"This vitamin and mineral supplement can cure MS!" Have you heard this before? Could claims like this be true?
Based on currently available information, the answer is no. You may see ads where high-dose vitamin or mineral supplements are touted as a cure or treatment for MS. However, there is no good evidence to show that these treatments can help people who already have MS (although there is some evidence that vitamin D may help prevent MS – see "What's the link between vitamin D and MS" in this feature for more information). In fact, high doses of vitamins and minerals can even be harmful to your health. See "Too much of a good thing: can you overdose on vitamins and minerals?" in this feature for more information.
Advertisements for supplements may claim to offer evidence that their products work. This evidence is usually a small study that is not properly designed to look at safety and effectiveness. In studies like this, the positive results may be due to something called the placebo effect.
So what is the placebo effect? A placebo is a "dummy pill," sometimes referred to as a sugar pill, containing no active medication. Studies using placebos randomly put people in different groups: one group gets the actual medication and the other gets the placebo. (The groups are similar to each other except for the treatment they are getting.) If the people taking the placebo get positive results, this is known as the placebo effect. These studies are important to separate out whether the beneficial effects are due to the medication itself or simply to thinking that you are on an active treatment. Some studies indicate that the placebo effect can be as high as 30-40%! If a study doesn't include a placebo, there's no way to tell for sure whether the beneficial effects are due to the medication itself, or just to the placebo effect.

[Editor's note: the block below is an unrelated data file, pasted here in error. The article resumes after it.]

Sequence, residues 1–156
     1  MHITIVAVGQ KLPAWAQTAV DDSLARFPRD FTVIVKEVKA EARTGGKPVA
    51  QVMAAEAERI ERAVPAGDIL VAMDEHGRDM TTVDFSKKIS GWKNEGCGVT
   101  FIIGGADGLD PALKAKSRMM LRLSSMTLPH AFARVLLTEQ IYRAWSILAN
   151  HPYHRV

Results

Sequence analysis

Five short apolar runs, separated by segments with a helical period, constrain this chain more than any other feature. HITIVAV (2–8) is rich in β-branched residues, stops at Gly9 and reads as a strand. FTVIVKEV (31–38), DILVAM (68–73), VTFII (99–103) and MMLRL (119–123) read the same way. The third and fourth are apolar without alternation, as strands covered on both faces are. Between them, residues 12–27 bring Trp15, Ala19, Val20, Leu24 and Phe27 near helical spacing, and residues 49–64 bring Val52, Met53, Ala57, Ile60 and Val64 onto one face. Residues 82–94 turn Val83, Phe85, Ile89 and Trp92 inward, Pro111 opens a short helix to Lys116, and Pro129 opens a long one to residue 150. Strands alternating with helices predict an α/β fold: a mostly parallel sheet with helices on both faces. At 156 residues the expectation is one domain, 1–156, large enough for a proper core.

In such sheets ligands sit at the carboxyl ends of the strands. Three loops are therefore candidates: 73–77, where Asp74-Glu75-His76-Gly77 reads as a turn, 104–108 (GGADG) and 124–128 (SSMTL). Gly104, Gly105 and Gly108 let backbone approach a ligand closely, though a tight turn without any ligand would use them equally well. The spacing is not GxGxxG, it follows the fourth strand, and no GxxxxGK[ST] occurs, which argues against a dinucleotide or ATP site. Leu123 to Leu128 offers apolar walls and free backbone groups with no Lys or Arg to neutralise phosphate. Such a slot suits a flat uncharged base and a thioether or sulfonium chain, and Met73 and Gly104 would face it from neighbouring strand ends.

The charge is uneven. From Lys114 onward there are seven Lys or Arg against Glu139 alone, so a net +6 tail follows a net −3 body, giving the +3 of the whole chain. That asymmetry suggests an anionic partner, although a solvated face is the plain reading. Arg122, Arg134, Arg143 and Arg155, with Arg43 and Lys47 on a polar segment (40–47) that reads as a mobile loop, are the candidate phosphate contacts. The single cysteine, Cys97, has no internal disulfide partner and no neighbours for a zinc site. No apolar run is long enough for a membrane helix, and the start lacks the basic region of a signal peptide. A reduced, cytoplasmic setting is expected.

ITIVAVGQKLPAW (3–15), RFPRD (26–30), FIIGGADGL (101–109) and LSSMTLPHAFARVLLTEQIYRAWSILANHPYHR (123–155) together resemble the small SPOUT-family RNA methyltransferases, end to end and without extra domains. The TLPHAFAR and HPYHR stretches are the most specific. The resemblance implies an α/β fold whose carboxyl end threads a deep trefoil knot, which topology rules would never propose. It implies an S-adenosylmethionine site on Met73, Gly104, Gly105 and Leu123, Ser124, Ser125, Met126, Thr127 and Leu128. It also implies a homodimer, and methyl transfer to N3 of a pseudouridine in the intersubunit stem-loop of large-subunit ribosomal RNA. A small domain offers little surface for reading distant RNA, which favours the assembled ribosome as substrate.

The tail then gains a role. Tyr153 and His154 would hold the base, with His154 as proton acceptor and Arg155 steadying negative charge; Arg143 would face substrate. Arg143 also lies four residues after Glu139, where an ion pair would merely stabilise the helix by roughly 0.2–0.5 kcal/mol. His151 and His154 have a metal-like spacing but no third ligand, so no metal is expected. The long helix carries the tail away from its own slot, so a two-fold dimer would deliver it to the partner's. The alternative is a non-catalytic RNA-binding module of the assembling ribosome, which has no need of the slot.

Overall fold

It is important to get enough vitamins and minerals to maintain your health. Usually, a healthy diet that follows Canada's Food Guide and contains a variety of different foods is the best way to get your daily requirements of vitamins and minerals. In some cases, your doctor may advise you to take a multivitamin to make sure you are getting the vitamins and minerals you need. If you're concerned about getting enough vitamins or minerals in your diet, talk to your doctor or dietitian.
All material copyright MediResource Inc. 1996 – 2021. Terms and conditions of use. The contents herein are for informational purposes only. Always seek the advice of your physician or other qualified health provider with any questions you may have regarding a medical condition. Source: www.medbroadcast.com/healthfeature/gethealthfeature/MS-Vitamins-and-Minerals